We have all been affected by the pandemic, and the latest covid variant -Omicron, has taken us all by surprise. Once again most of us have been forced into self-isolation, due to its highly contagious nature. In the last two months every aspect of our society both in Australia and the world, once again has been disrupted. As we are ‘learning’ to adapt to this new variant many of us are also finding it challenging to move outside of our homes and socially connect again.
I was invited to the tennis grand finale for free and I was so excited. Finally, a social outing! However, that didn’t last long because I found myself beginning to worry about connecting with my friend and the idea of interacting with thousands of other people at the venue. Was it too soon to be out and about -there are so many cases – I’m immune compromised maybe it’s best I stay home! All sorts of issues started to pop into my head, and it made me feel anxious. Thank goodness the thoughts and feelings didn’t last!
It is very normal to sometimes feel anxious especially in the context of the pandemic. It is not normal on the other hand to spend so many weeks isolated from loved ones and our community. If you experience social fear that is constant, or find yourself avoiding social situations, thoughts and behaviours that disrupt daily living then this may be an opportunity to chat to your GP or a therapist to support you.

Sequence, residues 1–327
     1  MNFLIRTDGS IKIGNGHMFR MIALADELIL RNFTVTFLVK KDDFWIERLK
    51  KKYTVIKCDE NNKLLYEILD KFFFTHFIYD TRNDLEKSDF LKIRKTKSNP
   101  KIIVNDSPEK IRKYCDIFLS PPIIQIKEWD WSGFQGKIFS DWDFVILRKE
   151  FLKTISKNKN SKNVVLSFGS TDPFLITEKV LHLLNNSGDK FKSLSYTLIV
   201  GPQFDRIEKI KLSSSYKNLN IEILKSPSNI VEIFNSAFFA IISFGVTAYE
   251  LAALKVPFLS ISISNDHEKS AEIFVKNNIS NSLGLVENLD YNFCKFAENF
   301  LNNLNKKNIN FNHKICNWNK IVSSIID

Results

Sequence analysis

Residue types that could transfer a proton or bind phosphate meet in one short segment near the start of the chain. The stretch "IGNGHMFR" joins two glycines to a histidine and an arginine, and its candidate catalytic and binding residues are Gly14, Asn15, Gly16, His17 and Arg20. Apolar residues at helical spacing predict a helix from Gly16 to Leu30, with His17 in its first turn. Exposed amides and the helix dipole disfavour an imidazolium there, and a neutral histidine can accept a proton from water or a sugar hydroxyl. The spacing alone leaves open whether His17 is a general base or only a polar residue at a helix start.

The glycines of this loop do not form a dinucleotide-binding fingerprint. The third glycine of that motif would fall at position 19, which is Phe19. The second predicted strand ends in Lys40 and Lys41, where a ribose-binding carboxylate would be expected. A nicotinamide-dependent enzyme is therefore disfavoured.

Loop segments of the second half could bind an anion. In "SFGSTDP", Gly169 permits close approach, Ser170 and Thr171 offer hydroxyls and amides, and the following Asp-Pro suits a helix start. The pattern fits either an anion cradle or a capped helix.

Unfortunately, we are seeing a rise in social anxiety disorders manifest in adults and children due to the pandemic. It has also increased in prevalence in those individuals with a pre-existing social anxiety diagnosis.
Social anxiety disorder is defined as an intense constant fear humiliation or embarrassment in a social setting. There are physical symptoms (rapid heart rate, difficulty breathing, trembling, shaking, blushing) and psychological symptoms (feeling panic before a social interaction, avoid social situations, missing work, or school). Many people are aware that their fears are unreasonable, and that the social anxiety is having a negative impact on their daily lives. It affects different aspects of a person’s life such as social activities, relationships, work performance and academic functioning.
It is important to remind ourselves that it is normal to feel socially anxious especially when remerging from self – isolation. Research tells us that despite socializing less many people are stressing more about social connections. Many of us have adapted to spending a lot of time isolated at home and the thought of preparing to go back to the office or school may be daunting for many of us.
I had to self-isolate a few weeks ago because my daughter tested positive! I needed to go food shopping after eight days of being inside the house and felt very apprehensive. I found myself sanitising everything and keeping my distance from people.
Adapting in this new way of living is a process therefore it will take time. If you are experiencing social anxiety whether mild of severe, please be kind to yourself. The good news is that the outlook is positive and there is excellent treatment for anyone seeking help.
A few useful tools that may help keep fears under control.
*become familiar with triggers that make you feel nervous or out of control
*practice relaxation and breathing techniques
*meditation, or yoga
Hur J. (2020) Social Context and the Real -World Consequences of Social Anxiety. Journal Of Personality and Social Psychology,71, 796-809.
Hoffman Y, Grossman E, BergmanY, Bodner E. (2021) The Link Between Social Anxiety and Intimate Loneliness is Stronger for Older Adults Than for Younger Adults. Aging Mental Health, 25(7),1246-1253